A similar disturbing question as to why there are no women directors who have ever received an Oscar, is why there were no female artists through past history, period. The answer of course, is that a number of these women had to pretend to be men, or see their work attributed to prominent male artists.
The acclaimed Swedish period feature Everlasting Moments, addresses these issues, and with an uncommon bittersweet dramatic eloquence that happens to all be true. Based on the life of the great aunt of the filmmaker’s wife, as told to her by the woman’s daughter, Everlasting Moments combines the best of both worlds of stunning biopic that captures the essence of one thwarted yet determined female’s struggle for survival, while at the same time illuminating that cataclysmic historical moment at the turn of the 19th century, as intimately experienced by all these characters.
Maria Haiskinan is Maria, a Finnish immigrant in Sweden and poverty stricken young mother with a brood of perpetually hungry children. Married to Sigfrid (Mikael Persbrandt), a frequently laid off dock worker and brutish, hard drinking womanizer, Maria resigns herself to her lot in life as overworked and physically and emotionally abused, but never surrendering a sense of dignity and optimism.
Maria also possesses a camera that she won in a lottery, a mysterious, alluring object which at first has no discernible value to her. That is, until she tries to pawn it at a camera shop, to feed her destitute family. But Pederson (Jesper Christensen), the elderly proprietor of the store, recognizes in Maria’s intense gaze in wonder at the world around her, as a rare quality of being ‘endowed with the gift of seeing.’ And he instead allows her to ‘borrow back’ her pawned camera, to magically discover through photography, her own awakened creative talent and visions of natural beauty waiting to be poetically captured.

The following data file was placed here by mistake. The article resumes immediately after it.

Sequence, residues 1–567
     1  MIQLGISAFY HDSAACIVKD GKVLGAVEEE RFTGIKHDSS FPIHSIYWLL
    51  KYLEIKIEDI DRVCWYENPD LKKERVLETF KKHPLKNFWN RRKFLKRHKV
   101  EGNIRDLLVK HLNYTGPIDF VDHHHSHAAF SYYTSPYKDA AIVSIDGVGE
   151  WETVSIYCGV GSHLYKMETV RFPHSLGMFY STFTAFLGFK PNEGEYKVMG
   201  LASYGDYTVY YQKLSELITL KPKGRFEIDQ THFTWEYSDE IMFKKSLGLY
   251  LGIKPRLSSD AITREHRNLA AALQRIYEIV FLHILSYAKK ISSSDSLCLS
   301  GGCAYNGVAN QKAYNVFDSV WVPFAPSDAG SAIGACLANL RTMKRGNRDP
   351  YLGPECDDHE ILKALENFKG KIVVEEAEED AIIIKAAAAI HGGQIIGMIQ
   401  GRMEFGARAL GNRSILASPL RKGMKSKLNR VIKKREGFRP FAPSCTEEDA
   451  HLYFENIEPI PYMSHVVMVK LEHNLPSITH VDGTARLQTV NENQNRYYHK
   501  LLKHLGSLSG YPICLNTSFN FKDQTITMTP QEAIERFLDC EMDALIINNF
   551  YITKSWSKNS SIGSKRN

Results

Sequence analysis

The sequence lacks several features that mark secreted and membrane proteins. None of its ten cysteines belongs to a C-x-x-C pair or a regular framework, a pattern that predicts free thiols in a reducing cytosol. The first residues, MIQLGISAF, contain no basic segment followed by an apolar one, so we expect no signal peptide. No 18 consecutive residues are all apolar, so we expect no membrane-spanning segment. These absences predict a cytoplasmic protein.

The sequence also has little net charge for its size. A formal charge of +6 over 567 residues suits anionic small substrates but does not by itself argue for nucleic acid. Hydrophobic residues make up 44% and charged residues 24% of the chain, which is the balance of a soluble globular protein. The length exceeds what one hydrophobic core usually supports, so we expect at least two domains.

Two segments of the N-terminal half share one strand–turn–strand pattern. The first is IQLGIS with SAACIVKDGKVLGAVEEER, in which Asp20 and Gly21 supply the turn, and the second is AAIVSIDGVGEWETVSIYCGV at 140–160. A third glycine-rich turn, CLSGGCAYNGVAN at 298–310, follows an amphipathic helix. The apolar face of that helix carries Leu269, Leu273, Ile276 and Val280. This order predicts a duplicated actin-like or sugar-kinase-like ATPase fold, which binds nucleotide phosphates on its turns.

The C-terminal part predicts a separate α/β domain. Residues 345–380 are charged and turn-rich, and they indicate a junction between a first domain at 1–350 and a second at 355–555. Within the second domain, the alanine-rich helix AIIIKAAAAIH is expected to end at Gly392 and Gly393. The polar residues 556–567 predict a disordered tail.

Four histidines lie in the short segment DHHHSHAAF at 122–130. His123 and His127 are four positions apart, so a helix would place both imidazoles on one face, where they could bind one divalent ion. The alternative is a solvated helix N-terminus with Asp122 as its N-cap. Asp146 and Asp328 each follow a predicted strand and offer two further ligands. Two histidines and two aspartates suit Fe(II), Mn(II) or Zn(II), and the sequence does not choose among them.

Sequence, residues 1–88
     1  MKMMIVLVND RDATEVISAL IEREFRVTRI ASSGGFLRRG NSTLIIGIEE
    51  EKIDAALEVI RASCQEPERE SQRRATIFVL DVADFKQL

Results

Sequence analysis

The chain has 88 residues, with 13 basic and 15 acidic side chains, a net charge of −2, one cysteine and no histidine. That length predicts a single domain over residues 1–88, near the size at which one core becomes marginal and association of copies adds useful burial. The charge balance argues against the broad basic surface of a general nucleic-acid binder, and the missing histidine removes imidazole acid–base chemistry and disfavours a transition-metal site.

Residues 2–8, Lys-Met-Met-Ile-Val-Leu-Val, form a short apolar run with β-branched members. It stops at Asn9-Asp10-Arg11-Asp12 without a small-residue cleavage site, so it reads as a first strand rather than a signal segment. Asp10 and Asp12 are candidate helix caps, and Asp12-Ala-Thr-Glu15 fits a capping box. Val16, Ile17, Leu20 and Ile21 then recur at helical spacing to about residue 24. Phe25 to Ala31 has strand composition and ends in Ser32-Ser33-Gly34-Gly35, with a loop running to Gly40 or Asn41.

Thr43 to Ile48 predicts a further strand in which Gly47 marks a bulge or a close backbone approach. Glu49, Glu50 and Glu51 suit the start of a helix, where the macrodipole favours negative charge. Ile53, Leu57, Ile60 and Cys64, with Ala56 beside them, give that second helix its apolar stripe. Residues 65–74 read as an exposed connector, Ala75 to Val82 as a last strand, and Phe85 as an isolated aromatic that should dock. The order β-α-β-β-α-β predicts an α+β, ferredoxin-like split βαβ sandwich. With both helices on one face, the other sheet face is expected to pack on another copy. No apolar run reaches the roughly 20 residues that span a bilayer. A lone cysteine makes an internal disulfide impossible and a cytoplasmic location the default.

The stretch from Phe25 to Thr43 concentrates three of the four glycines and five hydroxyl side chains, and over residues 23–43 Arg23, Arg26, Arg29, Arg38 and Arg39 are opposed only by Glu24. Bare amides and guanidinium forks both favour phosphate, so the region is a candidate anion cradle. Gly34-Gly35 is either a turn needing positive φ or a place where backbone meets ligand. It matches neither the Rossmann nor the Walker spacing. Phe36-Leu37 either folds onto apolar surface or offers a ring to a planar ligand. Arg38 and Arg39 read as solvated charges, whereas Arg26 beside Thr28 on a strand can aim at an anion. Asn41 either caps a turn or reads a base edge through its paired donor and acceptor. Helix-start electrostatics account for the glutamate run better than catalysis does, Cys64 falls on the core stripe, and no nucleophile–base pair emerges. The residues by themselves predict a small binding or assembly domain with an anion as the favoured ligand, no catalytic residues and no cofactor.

Directed by Swedish filmmaker Jan Troell (The Emigrants, The New Land) and a multiple award winner, Everlasting Moments is that rare film which touches the soul in myriad exquisite ways. And opens up to audiences a host of characters who, for better or worse, provide infinite pleasures for those sharing their company. Indeed, how rare is the movie experience where it’s difficult to part ways with the characters one has come to care for so deeply, throughout of the story.
And there is barely a single moment in this film that doesn’t amaze and astonish. Whether focusing on the joys and tragedies of family life; the battles of workers for their humanity; young girls selling their locks of hair for bread; or the flowering of this extraordinary woman as she slowly evolves into someone in the process of figuring out herself and the world and painfully torn between being artist and a mother. Yet ultimately achieving an awkward serenity amid life’s many disappointments and nearly but never quite overwhelming disasters.